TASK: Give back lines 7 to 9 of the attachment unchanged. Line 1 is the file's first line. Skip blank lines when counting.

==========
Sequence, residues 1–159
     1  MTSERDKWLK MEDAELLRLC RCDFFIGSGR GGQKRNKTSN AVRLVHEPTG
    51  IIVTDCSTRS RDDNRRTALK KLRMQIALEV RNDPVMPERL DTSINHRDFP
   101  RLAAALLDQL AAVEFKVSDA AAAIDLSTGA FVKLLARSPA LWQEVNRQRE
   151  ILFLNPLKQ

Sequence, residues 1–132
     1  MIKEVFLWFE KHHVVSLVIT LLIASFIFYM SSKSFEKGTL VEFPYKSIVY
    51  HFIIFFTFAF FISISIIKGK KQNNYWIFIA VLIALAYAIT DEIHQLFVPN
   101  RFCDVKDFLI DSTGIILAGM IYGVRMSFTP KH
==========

     1  MIKEVFLWFE KHHVVSLVIT LLIASFIFYM SSKSFEKGTL VEFPYKSIVY
    51  HFIIFFTFAF FISISIIKGK KQNNYWIFIA VLIALAYAIT DEIHQLFVPN
   101  RFCDVKDFLI DSTGIILAGM IYGVRMSFTP KH